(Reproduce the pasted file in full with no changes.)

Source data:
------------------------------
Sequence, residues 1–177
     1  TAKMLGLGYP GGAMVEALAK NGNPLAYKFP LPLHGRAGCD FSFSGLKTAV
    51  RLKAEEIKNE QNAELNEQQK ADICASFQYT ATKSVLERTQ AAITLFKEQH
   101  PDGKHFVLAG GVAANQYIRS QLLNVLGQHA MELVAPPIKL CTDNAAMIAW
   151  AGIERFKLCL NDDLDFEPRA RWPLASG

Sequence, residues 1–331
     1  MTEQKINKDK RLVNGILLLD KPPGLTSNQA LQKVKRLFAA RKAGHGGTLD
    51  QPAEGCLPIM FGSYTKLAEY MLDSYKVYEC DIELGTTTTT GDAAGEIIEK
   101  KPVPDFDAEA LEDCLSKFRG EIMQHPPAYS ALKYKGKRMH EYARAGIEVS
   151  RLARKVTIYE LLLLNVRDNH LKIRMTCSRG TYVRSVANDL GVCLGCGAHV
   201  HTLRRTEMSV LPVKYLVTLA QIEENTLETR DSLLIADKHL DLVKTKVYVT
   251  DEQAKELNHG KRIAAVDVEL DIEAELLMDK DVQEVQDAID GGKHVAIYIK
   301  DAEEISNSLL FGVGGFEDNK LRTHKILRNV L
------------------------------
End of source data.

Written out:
Sequence, residues 1–177
     1  TAKMLGLGYP GGAMVEALAK NGNPLAYKFP LPLHGRAGCD FSFSGLKTAV
    51  RLKAEEIKNE QNAELNEQQK ADICASFQYT ATKSVLERTQ AAITLFKEQH
   101  PDGKHFVLAG GVAANQYIRS QLLNVLGQHA MELVAPPIKL CTDNAAMIAW
   151  AGIERFKLCL NDDLDFEPRA RWPLASG

Sequence, residues 1–331
     1  MTEQKINKDK RLVNGILLLD KPPGLTSNQA LQKVKRLFAA RKAGHGGTLD
    51  QPAEGCLPIM FGSYTKLAEY MLDSYKVYEC DIELGTTTTT GDAAGEIIEK
   101  KPVPDFDAEA LEDCLSKFRG EIMQHPPAYS ALKYKGKRMH EYARAGIEVS
   151  RLARKVTIYE LLLLNVRDNH LKIRMTCSRG TYVRSVANDL GVCLGCGAHV
   201  HTLRRTEMSV LPVKYLVTLA QIEENTLETR DSLLIADKHL DLVKTKVYVT
   251  DEQAKELNHG KRIAAVDVEL DIEAELLMDK DVQEVQDAID GGKHVAIYIK
   301  DAEEISNSLL FGVGGFEDNK LRTHKILRNV L